Of course, I couldn’t have done it alone. I had the help of family and friends encouraging me from home, the help of strangers who were willing to give me their food and their time, and most of all, my two hiking companions who were there to literally pick me up when I fell down and push me forward when I wanted to turn back. My tent mates, my campfire builders, my buffet destroyers, and spider web clearers. Even on the cruelest days we still laughed, usually at ourselves.

 

We toured DC, including visits to the Smithsonian Museum of Natural History,

 

Hot and Juicy Crawfish,

 

The National Zoo,

 

And of course, the National Mall.

 

There was this one guy in particular for whom I was, and am, always grateful. He carried the heavier half of a tent he never slept in for a thousand miles for me. He fetched water when it was too far. He swatted mosquitoes I couldn’t see and told me I was still pretty even when I hadn’t showered in a week and was covered in welts from bug bites. He continued on a twisted ankle for literally hundreds of miles, partially of his own determination but partly because he knew I wasn’t yet ready to give up on this grand adventure. He was there every step of the way, from the valleys to the peaks, to share in the misery and the celebration. A lot of people told us backpacking together would be a test of our relationship, but I would never have considered doing it any other way. Who better to share this experience with than my best friend? 

Titanic Pose!

I consistently find myself doing the hardest thing I’ve ever done, and I think it’s pretty great. It means you’re always getting stronger and challenging yourself in new ways. I highly recommend it. When I look back at the last thousand miles, what I see are opportunities in my future. If I can do this, I can do anything. Even though we didn’t finish the AT, the seed of exploration has been planted and continues to grow within me. When I read about other long distance trails, or traveling in general, I know now that I am capable of setting out on any quest I choose. You know how after a long day of driving you close your eyes to fall asleep and you still see the road? It’s what’s burned into your brain after staring at nothing else for so long. When I close my eyes I see the trees.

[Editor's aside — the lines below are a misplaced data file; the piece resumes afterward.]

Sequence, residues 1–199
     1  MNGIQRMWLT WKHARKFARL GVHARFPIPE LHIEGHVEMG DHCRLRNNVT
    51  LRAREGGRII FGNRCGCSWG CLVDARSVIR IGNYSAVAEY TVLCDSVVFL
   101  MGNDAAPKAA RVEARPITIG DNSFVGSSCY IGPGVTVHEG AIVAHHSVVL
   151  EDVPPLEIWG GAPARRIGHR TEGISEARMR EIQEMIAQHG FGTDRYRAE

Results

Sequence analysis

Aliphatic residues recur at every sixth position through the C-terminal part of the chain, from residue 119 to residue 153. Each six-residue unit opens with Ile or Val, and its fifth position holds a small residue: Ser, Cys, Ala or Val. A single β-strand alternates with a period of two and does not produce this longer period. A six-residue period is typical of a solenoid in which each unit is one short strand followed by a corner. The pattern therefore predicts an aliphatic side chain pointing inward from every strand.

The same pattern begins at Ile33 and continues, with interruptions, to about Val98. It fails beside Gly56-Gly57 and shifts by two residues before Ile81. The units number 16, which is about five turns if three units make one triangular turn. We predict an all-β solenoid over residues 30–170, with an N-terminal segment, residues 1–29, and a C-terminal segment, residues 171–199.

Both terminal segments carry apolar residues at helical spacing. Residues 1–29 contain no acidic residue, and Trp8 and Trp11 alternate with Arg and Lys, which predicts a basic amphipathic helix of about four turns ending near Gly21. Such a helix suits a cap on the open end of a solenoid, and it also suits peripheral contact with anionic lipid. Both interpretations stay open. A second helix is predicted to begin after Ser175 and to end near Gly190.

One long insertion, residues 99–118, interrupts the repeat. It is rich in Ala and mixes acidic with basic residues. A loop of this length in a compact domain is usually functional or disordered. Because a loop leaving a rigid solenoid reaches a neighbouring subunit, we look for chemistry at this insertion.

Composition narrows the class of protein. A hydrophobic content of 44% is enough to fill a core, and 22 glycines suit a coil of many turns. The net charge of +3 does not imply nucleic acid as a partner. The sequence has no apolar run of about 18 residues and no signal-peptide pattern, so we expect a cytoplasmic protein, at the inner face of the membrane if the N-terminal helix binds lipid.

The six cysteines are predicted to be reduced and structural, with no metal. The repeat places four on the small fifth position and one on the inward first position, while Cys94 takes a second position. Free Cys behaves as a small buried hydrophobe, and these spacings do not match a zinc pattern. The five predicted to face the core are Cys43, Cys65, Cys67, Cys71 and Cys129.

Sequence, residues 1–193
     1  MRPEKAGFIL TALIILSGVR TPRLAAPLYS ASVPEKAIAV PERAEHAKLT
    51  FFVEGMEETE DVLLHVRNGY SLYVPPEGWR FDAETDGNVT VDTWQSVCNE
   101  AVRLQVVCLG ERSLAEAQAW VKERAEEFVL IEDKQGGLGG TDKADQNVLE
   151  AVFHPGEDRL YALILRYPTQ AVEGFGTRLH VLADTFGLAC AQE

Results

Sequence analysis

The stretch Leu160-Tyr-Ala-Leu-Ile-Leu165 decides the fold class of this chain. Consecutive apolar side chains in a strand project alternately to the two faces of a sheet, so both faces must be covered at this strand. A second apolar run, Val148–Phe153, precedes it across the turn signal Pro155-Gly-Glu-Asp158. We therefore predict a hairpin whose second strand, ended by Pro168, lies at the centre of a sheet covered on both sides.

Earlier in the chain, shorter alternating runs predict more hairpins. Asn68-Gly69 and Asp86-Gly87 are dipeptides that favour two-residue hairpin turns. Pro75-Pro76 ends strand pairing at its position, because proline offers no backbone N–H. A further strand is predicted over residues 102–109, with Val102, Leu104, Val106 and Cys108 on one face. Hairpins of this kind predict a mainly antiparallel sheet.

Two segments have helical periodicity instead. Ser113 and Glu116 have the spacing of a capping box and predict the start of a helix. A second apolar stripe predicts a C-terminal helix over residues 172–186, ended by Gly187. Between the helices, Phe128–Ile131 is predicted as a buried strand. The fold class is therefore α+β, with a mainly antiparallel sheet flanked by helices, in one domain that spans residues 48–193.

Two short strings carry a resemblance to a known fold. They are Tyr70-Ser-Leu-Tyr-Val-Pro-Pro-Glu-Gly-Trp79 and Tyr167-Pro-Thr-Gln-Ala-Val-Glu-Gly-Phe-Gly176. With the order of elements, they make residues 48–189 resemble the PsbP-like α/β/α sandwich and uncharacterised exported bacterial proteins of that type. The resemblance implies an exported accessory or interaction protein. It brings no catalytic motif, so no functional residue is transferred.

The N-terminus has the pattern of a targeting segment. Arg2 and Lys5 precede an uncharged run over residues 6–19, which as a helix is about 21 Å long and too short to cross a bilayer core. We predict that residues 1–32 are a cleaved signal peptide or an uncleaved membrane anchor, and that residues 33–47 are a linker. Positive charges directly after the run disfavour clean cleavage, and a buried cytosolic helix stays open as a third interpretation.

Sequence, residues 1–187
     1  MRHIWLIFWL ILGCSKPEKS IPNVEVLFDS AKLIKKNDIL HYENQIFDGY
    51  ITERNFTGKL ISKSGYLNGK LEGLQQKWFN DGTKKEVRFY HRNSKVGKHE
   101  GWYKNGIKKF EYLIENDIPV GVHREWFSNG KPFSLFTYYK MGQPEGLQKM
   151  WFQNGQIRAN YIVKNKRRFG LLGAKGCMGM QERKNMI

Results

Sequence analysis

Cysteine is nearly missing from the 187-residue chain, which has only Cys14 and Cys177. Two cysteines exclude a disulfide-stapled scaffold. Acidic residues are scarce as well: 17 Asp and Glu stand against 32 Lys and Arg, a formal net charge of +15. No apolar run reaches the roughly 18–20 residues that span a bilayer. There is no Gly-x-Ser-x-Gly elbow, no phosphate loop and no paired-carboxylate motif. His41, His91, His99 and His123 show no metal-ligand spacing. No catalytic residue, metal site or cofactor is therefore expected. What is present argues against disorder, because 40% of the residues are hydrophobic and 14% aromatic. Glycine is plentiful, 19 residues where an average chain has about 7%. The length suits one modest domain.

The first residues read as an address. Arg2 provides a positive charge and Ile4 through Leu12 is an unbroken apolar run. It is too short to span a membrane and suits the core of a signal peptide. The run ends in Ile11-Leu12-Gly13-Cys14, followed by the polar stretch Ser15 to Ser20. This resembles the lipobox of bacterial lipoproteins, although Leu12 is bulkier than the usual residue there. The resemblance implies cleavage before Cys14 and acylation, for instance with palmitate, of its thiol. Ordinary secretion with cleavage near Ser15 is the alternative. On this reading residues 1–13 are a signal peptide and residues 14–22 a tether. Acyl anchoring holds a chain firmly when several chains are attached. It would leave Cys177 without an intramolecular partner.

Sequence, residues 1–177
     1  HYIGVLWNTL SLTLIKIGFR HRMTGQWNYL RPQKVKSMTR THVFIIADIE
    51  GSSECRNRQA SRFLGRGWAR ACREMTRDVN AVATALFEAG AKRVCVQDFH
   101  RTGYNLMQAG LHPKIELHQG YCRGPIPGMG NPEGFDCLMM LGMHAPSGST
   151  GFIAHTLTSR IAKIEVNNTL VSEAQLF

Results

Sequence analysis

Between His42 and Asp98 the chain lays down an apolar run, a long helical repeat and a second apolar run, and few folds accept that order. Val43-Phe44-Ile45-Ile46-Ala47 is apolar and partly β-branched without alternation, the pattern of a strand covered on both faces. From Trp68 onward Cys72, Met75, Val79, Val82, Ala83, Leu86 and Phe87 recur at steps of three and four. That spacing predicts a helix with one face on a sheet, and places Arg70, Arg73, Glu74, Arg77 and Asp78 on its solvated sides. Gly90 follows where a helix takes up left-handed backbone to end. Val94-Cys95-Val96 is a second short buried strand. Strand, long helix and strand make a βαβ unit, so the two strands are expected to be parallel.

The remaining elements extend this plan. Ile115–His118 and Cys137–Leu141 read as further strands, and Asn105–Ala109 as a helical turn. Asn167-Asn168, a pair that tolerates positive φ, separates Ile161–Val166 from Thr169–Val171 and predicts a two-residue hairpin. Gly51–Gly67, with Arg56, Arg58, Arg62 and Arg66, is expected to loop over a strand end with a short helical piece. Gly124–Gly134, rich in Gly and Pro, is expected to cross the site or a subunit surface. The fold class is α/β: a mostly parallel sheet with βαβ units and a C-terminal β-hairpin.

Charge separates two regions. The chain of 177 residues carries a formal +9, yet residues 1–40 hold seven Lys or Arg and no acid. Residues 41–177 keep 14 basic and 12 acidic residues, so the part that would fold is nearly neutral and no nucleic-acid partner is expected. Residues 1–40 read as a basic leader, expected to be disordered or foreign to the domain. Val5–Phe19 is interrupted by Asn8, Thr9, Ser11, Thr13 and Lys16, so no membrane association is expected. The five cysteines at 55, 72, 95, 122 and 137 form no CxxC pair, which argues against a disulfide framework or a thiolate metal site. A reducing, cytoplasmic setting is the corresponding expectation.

A look back at Day 1

Folks, it’s been a great adventure, and as always, it’s not over yet.

 

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At last, North of the Mason-Dixon!

It’s been awhile since I updated! I would love to tell you that after leaving Daleville we suddenly became energized and motivated to pick up the pace, and hiked ourselves 300 miles upward, but alas, that was not the case.
It took us awhile to get up enough energy to pack up our things from the motel in Daleville and hike low miles out of town. On the second day, Shane wasn’t feeling very well, so we made the decision to road walk on the Blue Ridge Parkway for the day, since it would be a smoother, more gradual incline than the steep trail in this section. The BRP runs more or less parallel to the AT for awhile in Virginia, plus has more views than the trail, which only crosses the road occasionally at a few lookout points. 

  
We had planned to road walk for about 15 miles, but after only three, Shane felt too weak to continue. Luckily we were already on a road, so we stuck our thumbs out and the first truck that passed pulled over to pick us up. It was a sweet older man, who volunteered to drive us back in the opposite direction he had been driving because he was retired from the railroad and “not in a hurry to get anywhere anymore.” He took us to a clinic and even offered to wait for us while Shane had his appointment, but we insisted he go back home, and of course, he wouldn’t accept any money from us for his trouble. Once again, a prime example of a good samaritan willing to assist some struggling hikers!
The doctor couldn’t find anything wrong with Shane, so we decided to let him rest for another day and head back out. The clinic was in Buchanan, which only had one motel, and it was booked for the busy Fourth of July Weekend. We asked around for the nearest lodging, and, much to our dismay, discovered that the closest hotels were in…Daleville. So, like in Groundhog Day, we returned to the vortex that we had escaped just two days before.